• When we talk about healthy boundaries we come from the position of avoiding being stepped on. But the healthy way to view boundaries is not avoidance, but building truly authentic intimacy.
  • Compliants may have a lot of barricades deep down. They aren’t going to be compliant all the way in. There is likely a hardening on their deepest parts.
  • Avoidance of pain/conflict becomes their highest value. Their boundaries are the inability to develop authentic intimacy.
  • When you have truly healthy boundaries – a gate that can be closed or open depending on the situation – we put ourselves in a position where we can invite people into the deeper levels of you which create intimacy.
  • Build the infrastructure necessary to build intimacy.
  • Healthy boundaries get you what you want – true intimacy.
  • Stop the bleeding – stop being stepped on or stepping on others.
  • Then ask, “Where am I contributing to the situation that is causing the issue?”
  1. Identify the problem. What boundary was crossed? And what happened that allowed the boundary to be crossed?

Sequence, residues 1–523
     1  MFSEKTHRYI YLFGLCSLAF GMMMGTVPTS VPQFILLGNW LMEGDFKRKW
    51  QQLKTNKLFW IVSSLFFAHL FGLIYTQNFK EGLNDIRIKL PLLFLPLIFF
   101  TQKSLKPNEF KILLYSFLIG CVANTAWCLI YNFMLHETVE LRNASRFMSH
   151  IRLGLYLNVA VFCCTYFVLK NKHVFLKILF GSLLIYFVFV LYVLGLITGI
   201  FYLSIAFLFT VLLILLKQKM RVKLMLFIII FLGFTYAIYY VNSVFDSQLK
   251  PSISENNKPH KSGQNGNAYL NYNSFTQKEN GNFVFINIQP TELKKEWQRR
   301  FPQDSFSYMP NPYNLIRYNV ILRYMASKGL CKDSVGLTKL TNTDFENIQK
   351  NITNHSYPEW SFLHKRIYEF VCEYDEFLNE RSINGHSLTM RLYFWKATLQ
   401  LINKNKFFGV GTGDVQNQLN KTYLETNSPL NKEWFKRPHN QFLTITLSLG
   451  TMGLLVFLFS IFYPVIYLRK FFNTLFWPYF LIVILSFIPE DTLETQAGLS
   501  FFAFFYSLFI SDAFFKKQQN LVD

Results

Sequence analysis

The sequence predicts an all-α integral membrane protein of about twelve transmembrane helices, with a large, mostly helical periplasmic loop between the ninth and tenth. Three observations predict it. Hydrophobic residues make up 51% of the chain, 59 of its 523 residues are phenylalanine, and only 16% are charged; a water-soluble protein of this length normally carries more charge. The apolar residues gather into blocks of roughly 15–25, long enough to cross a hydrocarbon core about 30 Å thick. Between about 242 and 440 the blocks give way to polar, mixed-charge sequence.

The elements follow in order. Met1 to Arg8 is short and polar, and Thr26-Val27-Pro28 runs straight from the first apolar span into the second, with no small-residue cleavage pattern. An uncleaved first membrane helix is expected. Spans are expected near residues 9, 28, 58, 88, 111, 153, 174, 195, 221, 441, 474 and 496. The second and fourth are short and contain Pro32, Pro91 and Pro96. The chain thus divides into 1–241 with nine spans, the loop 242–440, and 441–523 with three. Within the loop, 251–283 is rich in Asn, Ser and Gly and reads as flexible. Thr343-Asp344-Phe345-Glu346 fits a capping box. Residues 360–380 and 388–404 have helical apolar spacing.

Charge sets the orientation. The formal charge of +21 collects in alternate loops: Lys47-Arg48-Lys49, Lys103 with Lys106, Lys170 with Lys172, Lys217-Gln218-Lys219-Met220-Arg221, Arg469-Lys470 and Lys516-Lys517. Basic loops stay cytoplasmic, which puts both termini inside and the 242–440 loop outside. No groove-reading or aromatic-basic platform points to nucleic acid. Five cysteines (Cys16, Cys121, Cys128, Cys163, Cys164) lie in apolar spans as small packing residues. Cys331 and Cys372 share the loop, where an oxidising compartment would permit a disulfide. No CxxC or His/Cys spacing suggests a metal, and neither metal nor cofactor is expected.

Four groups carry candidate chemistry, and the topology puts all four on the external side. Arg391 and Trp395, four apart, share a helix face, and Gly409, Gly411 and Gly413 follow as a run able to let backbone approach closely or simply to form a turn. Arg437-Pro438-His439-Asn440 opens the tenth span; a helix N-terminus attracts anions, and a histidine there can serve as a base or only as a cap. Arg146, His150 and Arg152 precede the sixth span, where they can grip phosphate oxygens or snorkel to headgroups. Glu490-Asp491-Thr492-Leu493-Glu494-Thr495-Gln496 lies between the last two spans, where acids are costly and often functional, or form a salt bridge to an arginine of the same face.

2. Identify the actual conflict. determine which need within the boundary has been dishonored. Then ask for/deliver the need.
  3. Identify the needs of all the parties within the conflict. Once you identify the needs it is easy to identify a solution.
  4. Identify the benefits of a relationship with this person. Attempt to maintain the relationship while working on the relationship.
  5. Practice boundary skills. Learn the language and be patient with yourself while you’re learning these skills.
  6. Say NO to the drawbacks. There is always drawbacks to setting boundaries because people like relationships to stay the same.
  7. Begin anew. Deal with the issue and let it go. Observe rather than react. If you can’t get out of the drama triangle, you may need to get some space.